We caught up with Jeremy Shaki (Co-Founder and Chief Talking Officer of Lighthouse Labs) and Marcus Daniels (Co-Founder and CEO of HIGHLINE vc and Founding Partner of Highline BETA), to learn more about what happened after four friends quit their jobs, packed their bags, and moved to Vancouver to start a bootcamp.
“Put it in the market, and learn from what you’re doing.”
“My parents are entrepreneurs – my mother is an artist and my father had a chain of clothing stores in Montreal. Very personal, one-to-one, traditional business. Until we started Lighthouse Labs, the startup world was foreign to me.”, says Jeremy.
“But from the beginning, one thing rang true with us: Don’t spend massive amounts of money trying to make it perfect. Put it in the market– and then learn from what you’re doing.”
Taking this to heart, the four founders of Lighthouse Labs launched their first bootcamp out of the Launch Academy space in Gastown. Their first big learning? They were on to something. In the next two years, over 380 students graduated from the 8-week intensive bootcamp.
That early growth was almost effortless. As Marcus remembers, “when we met the team, Lighthouse was growing almost organically because of the sheer demand.”
Vancouver’s tech industry has exploded over the past decade – today more Vancouverites work in tech than in forestry, oil and gas, and mining combined. This demand for top talent set Lighthouse grads up for success: when the first cohort of students graduated in 2014, every student found employment within 90 days.
Balancing the excitement of rapid growth, the team recommitted to the pursuit of excellence. Jeremy remembers,
“We knew that business expansion and quality education don’t always go hand in hand. There’s an email somewhere in all our inboxes, where we agreed we were building the Harvard of bootcamps.
To accomplish that, we needed admissions – which sometimes meant turning away potential revenue, even when we really needed it. Everyone had to be on board.”
Keeping community at the core
Working out of the Launch Academy coworking space, Lighthouse team and students shared space with a wide variety of companies, founders, and early employees.
This not only kept them striving for excellence – it also provided many unexpected connections that impacted the business as Lighthouse grew. Students were exposed to all sorts of companies, and forged connections with the developers working there. It became obvious that these connections provided a different kind of support than they received from their full-time instructors. Lighthouse decided to add part-time mentors to the program, connecting students with even more experienced developers with diverse skill sets, interests, and backgrounds.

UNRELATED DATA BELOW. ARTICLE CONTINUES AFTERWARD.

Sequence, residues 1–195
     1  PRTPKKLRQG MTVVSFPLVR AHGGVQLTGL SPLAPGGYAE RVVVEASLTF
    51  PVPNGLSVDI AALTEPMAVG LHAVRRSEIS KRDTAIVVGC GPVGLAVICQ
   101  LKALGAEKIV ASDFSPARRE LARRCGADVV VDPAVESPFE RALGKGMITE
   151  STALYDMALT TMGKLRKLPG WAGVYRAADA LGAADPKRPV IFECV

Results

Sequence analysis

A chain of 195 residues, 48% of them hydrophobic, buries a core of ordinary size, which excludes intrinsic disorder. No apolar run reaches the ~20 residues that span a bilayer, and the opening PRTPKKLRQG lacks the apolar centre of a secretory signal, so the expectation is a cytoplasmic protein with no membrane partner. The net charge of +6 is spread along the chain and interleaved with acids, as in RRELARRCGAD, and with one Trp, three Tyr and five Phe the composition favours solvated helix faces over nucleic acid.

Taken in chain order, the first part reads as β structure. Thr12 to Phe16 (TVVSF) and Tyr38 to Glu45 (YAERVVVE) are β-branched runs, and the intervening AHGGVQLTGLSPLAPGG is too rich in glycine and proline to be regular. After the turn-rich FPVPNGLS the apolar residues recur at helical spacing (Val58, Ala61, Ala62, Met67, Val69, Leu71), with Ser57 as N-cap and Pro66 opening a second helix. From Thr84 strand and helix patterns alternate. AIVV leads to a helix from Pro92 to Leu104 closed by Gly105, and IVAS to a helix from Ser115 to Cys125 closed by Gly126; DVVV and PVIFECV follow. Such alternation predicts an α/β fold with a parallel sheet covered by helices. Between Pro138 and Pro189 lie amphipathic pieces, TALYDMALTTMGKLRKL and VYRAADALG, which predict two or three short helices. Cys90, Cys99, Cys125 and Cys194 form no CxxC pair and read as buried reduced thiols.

Sharing space with other companies had another side effect: it helped students connect with employers. As students graduated, some started taking co-ops with or joining the startups that had been their neighbours and mentors during the program.
The team had always known that building a strong community was the right thing for their students – now they knew it was the right thing for the business, too.
When Marcus first met Jeremy, Lighthouse was already on HIGHLINE’s radar – a number of HIGHLINE vc and GrowLab portfolio companies had hired Lighthouse graduates. Given this, and both companies’ community focus, collaboration between Lighthouse and HIGHLINE was a natural fit.
But what neither expected was that Marcus and HIGHLINE would become trusted advisors and Lighthouse’s only investor.
When Lighthouse Labs came to Toronto in 2015, they found their first home in the HIGHLINE space at the Burroughes building. Like in Vancouver, the Lighthouse students and team in Toronto were surrounded by like-minded companies and peers.
Today, Lighthouse has paid it forward by launching Toronto’s first co-working space for developers. Devhub has been home to countless companies and developers – including, for a time, Highline BETA.
From 380 to more than 1,100 graduates
Today, Lighthouse’s staff of more than 30 and dozens of instructors have graduated over 1,100 developers from coast to coast – including from satellite locations in the Yukon, Calgary, Montreal, Victoria & Halifax.
Lighthouse has done a lot of growing up in the last two years. We’ve moved beyond “We found a product market fit – let’s build a product!”, and are now focused on delivering on our mandate as a business.
Even as they’ve grown, the mission has stayed the same: to continuously find the best ways to train the next generation of developers and to transform the way tech education is delivered.
Beyond their core programs, the team has released 4 free online courses and provided a free one day crash course for 2,000 people from coast to coast (including the author!). They have hosted events to help teachers bring computation thinking into the classroom, and hackathons to tackle everything from transportation emissions to barriers to female entrepreneurship.
The world is changing at an exponential pace, and the next few years will be vital in determining the future of how we train talent. And as the world changes, so will Lighthouse:
Our model is to continue evolving. We are focused on building bridges into the industry, into companies, to make sure we are staying relevant. At its core, that’s what a bootcamp is all about: relevant training.